• Teachers receive little or no training in recognizing their emotional and sexual feelings and needs

  • Psychologists receive variable training

  • The problem is not going away with punishment alone

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High Risk Professions… Allegations

  • Of, course it is wrong…by any standard of decency

  • It violates the law and for some, their professional codes of ethics (the special case for teachers and other school employees)

  • Then, why does this happen with such frequency?

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Educator Sexual Misconduct: A Synthesis of Existing Literature

  • June 2004 document completed by Charol Shakeshaft of Hofstra University and Interactive, Inc.

  • Prepared for the U.S. Department of Education

  • A response to the mandate in Section 5414 of ESEA of 1965

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Sex of Offenders Literature

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Wisconsin Update: Literature

  • Attny Sheri Pollock at DPI

    • Not much has changed since 2001 presentation, either in frequency of allegations and violations, or the absence of significant efforts in intervention or prevention

  • On average 15 to 17 educators lose their licenses for immoral actions each year (i.e. endangers the safety, health, education or welfare of students)

  • On average 8 to 10 lose their licenses due to sexual misconduct

  • Many more allegations

  • Likely even more infractions that go unreported

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Therapist violations: Literature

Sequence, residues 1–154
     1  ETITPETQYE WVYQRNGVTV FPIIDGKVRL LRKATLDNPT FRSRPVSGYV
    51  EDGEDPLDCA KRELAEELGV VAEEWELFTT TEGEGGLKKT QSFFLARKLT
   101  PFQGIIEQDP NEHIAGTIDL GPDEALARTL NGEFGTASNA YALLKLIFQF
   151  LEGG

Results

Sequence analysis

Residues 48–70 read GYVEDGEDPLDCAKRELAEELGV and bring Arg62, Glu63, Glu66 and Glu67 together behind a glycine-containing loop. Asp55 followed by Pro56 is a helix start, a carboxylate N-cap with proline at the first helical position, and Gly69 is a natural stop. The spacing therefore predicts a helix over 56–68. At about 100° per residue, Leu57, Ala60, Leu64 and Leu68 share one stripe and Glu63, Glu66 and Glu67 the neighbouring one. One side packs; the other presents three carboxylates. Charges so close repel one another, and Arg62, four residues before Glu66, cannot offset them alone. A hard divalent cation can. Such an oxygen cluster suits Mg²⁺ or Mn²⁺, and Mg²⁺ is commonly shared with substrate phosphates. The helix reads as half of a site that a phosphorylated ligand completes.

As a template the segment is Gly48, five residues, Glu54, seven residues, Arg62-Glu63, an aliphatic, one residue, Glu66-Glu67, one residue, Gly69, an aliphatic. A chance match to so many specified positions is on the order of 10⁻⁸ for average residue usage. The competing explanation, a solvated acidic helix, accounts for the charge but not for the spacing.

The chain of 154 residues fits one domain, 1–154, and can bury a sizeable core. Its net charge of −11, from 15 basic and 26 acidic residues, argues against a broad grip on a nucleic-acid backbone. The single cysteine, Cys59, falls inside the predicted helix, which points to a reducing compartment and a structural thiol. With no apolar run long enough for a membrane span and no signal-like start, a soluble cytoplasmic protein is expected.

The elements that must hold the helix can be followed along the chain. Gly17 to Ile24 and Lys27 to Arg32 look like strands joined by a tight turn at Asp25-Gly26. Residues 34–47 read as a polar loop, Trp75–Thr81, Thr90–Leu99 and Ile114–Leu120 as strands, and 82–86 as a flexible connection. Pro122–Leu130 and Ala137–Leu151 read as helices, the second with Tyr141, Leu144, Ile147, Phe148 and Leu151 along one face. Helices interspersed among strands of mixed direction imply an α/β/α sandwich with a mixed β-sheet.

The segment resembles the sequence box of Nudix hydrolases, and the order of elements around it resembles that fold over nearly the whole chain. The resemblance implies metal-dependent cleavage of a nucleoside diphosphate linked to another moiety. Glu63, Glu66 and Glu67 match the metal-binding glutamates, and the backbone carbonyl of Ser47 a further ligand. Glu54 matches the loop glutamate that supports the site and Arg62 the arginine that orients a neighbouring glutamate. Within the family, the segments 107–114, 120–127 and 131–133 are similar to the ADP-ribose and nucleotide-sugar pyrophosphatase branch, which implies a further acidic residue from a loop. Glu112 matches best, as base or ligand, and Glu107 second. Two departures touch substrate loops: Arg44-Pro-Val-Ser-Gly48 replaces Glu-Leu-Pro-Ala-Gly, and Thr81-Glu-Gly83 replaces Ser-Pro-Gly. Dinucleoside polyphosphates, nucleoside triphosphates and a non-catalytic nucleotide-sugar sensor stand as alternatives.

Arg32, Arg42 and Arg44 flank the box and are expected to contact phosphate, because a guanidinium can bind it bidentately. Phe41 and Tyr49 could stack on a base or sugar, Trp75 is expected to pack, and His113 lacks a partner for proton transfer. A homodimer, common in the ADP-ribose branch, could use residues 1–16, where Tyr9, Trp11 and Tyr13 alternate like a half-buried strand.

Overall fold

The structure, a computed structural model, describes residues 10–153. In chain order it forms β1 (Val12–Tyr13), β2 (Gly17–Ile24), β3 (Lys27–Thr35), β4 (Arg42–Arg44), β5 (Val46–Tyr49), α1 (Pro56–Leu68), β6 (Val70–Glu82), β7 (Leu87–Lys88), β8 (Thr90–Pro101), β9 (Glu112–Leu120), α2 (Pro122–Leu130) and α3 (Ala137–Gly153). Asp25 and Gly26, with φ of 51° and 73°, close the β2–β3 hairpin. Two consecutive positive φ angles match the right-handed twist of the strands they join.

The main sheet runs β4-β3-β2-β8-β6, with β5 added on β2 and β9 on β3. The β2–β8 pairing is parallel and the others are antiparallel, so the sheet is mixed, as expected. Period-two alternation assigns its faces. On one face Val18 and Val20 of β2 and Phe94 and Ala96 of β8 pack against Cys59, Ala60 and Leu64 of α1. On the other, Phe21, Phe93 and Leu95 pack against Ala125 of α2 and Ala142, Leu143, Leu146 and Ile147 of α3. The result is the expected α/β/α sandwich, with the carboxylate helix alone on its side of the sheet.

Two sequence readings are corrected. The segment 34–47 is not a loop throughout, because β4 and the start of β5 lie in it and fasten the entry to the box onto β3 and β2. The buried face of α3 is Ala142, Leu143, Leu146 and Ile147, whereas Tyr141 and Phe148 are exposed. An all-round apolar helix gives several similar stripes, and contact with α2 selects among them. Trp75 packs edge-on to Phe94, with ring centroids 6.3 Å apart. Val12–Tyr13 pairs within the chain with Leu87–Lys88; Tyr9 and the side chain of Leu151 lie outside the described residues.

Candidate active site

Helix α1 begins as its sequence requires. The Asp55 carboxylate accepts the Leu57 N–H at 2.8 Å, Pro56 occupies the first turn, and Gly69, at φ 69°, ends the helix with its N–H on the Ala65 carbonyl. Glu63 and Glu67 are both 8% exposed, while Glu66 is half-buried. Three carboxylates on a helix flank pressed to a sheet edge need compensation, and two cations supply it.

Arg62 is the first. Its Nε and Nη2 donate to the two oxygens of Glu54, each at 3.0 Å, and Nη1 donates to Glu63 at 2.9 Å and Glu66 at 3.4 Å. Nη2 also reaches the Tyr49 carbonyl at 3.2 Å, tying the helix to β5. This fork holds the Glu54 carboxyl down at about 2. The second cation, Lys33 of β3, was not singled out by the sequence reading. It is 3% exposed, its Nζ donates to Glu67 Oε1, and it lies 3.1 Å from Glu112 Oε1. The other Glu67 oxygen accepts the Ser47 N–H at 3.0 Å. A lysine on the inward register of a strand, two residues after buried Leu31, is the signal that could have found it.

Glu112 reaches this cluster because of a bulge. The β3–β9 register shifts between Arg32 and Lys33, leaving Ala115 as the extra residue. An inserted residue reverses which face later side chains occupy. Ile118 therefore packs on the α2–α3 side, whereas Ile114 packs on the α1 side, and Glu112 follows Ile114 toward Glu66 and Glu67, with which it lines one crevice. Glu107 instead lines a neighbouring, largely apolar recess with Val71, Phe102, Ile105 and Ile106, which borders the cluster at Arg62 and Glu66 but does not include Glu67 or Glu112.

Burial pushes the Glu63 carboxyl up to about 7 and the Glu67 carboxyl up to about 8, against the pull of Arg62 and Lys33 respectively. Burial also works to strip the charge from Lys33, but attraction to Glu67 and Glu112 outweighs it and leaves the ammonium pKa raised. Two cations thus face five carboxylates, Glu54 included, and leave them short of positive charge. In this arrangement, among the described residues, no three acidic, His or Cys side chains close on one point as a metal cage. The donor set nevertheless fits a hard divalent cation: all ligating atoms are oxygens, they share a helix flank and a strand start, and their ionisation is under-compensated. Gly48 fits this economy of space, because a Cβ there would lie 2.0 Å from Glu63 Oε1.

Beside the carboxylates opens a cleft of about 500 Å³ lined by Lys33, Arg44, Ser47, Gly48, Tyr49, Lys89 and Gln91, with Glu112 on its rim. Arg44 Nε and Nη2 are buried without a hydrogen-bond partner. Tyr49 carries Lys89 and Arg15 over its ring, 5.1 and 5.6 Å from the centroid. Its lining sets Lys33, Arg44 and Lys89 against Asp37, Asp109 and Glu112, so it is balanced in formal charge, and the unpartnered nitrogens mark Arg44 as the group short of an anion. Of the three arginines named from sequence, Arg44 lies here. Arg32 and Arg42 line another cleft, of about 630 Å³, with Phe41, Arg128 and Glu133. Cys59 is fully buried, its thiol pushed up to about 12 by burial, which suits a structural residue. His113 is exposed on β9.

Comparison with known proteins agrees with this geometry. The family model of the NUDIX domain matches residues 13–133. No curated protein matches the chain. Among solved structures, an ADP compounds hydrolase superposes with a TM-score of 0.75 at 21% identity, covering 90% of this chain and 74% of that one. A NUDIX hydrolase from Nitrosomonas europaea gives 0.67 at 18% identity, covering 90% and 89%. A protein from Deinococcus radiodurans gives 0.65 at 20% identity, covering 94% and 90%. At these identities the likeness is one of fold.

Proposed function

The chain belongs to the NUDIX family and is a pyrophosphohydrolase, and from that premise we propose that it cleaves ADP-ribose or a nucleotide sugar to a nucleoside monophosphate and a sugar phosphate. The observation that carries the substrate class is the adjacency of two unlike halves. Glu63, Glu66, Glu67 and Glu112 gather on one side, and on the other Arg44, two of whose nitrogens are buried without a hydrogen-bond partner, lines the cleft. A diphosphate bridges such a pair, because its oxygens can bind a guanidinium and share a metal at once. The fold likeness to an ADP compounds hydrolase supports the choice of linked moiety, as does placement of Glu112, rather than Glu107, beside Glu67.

• A 1977 study by Holroyd and Brodsky received a 70% rate of return on a therapist self-report instrument; 2% of females and 11% of males reported at least one incidence of erotic touching with clients/patients and 80% of those had multiple victims of the same sort

  • It has been estimated that only 1 in 20 actual sexual misconduct violations are reported to licensing boards

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Educators/Psychologists and Boundary Violations Literature

  • Ultimate breach of trust and high risk professions; teachers and therapists rank as two of the highest professions in which sexual abuse occurs

    • Sherry Bithel in her 1991 book, Educator Sexual Abuse, reports 1 in 20 teachers has engaged in sexual misconduct with students, ranging from obscene comments to sexual intercourse

    • Wisconsin DPI has consistently seen allegations of teacher misconduct range from 40-60 each year, most of which are for sexual misconduct

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Factors that lead to “high risk” status of these professions:

  • Uniquely ongoing intimate relationships of care and dependency

  • Existing power differential

  • Vulnerable clients and students

  • Both are promised to be safe environments in which appropriate intimacies are likely to be shared

  • Inadequate training, supervision and continuing education in this area of professional responsibility, knowledge and skills

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University training contacts: professions:

  • School of Education-UW-Madison

    • No consistent training after all these years

    • “It already takes teachers 5 years to…”

    • Men generally supportive and women enthusiastically supportive of this training

    • Differences between psychologist training and teacher training

      • Legal and ethical standards and consequences

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What can be done? professions:

  • Improved educational preparation for educators and psychologists/therapists (transference/counter-transference type training for all staff?)

  • Improved supervision during training

  • Improved consultation with colleagues

  • Enforced monetary damages due victims from school districts (US Supreme Court decisions related to Title 9); someone with the authority to take corrective action must have known of the harassment and acted with deliberate indifference; what about “pass the trash” behavior of school districts?

  • Mandatory training upon licensing or hiring

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What can be done…? professions: